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Brain tissue reveals possible genetic trigger for schizophrenia

CHAPEL HILL A study led by scientists from the University of North Carolina at Chapel Hill may have identified a molecular mechanism involved in the development of schizophrenia.

In studying the postmortem brain tissue of adults who had been diagnosed with schizophrenia, the researchers found that levels of certain gene-regulating molecules called microRNAs were lower among schizophrenia patients than in persons who were free of psychiatric illness.

"In many genetic diseases, such as Huntington's disease or cystic fibrosis, the basis is a gene mutation that leads to a malformed protein. But with other complex genetic disorders such as schizophrenia, many cancers, and diabetes we find not mutated proteins, but correctly formed proteins in incorrect amounts," said study lead author and UNC professor of psychiatry Dr. Diana Perkins.

The research appears this week in the online edition of the journal Genome Biology. "To our knowledge this study is the first to associate altered expression of microRNAs with schizophrenia," the authors stated.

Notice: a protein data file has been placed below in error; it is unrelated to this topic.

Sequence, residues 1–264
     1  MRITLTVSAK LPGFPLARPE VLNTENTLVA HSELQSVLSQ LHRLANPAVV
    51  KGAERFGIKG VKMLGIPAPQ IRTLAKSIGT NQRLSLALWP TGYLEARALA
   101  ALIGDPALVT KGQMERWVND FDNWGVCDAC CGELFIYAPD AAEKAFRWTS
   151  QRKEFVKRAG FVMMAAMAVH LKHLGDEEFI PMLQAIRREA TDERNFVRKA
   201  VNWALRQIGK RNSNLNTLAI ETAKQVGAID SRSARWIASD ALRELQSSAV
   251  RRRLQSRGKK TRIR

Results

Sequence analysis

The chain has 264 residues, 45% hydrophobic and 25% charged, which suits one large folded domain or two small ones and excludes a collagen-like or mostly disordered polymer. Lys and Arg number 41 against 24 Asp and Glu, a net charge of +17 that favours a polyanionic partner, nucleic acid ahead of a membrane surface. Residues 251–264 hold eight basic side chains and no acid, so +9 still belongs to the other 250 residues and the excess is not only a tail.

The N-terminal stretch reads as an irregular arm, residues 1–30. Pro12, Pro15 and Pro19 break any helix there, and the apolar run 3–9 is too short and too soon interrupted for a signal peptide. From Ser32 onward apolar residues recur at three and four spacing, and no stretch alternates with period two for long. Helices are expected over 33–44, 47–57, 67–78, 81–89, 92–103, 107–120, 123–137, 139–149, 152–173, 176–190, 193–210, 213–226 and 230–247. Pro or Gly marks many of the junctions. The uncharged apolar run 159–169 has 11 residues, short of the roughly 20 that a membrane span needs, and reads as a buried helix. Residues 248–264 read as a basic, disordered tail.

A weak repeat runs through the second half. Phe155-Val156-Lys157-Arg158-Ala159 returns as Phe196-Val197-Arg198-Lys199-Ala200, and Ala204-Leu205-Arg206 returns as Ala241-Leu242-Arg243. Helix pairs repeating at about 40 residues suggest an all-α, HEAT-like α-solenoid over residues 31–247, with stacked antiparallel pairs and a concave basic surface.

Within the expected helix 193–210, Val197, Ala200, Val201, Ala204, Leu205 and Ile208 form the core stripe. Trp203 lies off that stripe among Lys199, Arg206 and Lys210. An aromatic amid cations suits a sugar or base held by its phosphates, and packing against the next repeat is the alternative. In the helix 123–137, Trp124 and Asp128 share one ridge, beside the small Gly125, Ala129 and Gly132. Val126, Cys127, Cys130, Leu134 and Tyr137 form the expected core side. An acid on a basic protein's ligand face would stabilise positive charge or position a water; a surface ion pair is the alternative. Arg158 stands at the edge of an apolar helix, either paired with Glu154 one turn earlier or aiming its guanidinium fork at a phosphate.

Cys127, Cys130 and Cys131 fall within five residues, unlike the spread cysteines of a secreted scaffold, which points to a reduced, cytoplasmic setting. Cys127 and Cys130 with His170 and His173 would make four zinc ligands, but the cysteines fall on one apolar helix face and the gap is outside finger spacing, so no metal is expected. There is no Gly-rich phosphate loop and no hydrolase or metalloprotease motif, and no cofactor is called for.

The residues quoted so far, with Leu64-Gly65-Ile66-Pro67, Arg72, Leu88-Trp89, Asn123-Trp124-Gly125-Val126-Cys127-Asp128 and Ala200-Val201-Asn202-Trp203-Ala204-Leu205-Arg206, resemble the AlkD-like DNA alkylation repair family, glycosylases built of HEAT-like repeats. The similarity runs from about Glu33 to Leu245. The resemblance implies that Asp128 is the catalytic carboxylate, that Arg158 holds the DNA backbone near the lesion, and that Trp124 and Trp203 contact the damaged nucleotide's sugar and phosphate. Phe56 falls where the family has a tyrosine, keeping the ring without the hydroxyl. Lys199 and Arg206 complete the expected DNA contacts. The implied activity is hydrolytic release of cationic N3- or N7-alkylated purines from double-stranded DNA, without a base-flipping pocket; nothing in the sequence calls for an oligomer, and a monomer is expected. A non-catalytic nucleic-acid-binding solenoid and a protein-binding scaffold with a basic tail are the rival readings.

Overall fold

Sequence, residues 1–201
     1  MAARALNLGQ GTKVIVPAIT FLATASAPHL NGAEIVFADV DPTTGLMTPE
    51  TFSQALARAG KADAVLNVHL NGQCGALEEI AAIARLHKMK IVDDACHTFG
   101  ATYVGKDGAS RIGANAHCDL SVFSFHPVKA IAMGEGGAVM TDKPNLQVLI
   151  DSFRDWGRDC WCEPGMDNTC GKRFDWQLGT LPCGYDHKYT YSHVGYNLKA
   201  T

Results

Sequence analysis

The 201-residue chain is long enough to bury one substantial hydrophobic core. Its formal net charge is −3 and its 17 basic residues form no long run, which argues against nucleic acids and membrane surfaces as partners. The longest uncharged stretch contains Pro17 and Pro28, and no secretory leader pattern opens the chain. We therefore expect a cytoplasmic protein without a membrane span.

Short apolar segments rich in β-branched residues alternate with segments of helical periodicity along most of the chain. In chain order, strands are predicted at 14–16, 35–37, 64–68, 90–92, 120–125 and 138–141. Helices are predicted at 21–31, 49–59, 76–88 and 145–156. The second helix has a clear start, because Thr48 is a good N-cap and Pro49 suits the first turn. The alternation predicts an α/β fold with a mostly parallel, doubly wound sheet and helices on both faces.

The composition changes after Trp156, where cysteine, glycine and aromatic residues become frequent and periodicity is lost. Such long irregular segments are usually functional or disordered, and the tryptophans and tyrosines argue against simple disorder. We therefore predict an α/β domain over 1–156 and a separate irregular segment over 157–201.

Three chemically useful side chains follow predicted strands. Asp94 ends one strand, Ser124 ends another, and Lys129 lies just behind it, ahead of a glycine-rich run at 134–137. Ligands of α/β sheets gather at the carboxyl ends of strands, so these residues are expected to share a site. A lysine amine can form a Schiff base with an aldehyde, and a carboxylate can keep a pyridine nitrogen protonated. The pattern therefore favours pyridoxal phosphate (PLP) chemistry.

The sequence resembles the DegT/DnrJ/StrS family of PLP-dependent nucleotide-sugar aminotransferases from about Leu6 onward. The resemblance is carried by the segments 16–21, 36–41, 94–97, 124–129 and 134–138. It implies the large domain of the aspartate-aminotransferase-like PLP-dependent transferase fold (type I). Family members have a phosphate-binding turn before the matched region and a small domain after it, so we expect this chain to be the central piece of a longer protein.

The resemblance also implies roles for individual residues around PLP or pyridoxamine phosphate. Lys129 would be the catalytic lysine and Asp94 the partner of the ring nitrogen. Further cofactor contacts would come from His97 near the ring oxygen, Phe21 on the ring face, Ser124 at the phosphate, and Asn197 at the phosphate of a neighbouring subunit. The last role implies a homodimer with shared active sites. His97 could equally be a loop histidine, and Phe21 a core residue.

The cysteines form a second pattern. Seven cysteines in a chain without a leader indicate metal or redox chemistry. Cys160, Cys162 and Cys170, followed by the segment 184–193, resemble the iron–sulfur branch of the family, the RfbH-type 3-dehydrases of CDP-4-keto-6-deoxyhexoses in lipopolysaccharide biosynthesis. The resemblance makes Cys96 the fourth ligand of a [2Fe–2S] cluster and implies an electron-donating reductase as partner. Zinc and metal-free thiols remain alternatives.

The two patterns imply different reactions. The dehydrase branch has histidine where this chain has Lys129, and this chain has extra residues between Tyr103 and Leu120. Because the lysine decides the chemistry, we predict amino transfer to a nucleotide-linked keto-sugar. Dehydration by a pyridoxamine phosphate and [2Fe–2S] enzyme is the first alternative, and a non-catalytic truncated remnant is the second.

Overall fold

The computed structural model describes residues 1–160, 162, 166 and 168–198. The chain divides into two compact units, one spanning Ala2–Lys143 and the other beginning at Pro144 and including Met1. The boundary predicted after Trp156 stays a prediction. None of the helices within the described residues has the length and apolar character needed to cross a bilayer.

Since the 1950s, scientists have known that the genetic code stored in DNA is first transcribed into messenger RNA (mRNA) which is then the template from which the body's protein building blocks are made. MicroRNAs are a newly discovered class of mRNA that does not carry the code for a protein. Instead, these tiny strands of RNA act by binding to matching pieces of the protein coding mRNA, thus preventing the translation of mRNA to protein. When a cell needs certain proteins, the microRNAs may disconnect, thus allowing protein expression to resume.

Using postmortem prefrontal cortical brain tissue of people with schizophrenia and persons who had no psychiatric illness, the researchers found for the first time a significant difference in the microRNA expression profile. Fifteen microRNAs were expressed at a lower level and one at a higher level in the brain tissue from perso
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Contact: Les Lang
llang@med.unc.edu
919-843-9687
University of North Carolina School of Medicine
28-Mar-2007


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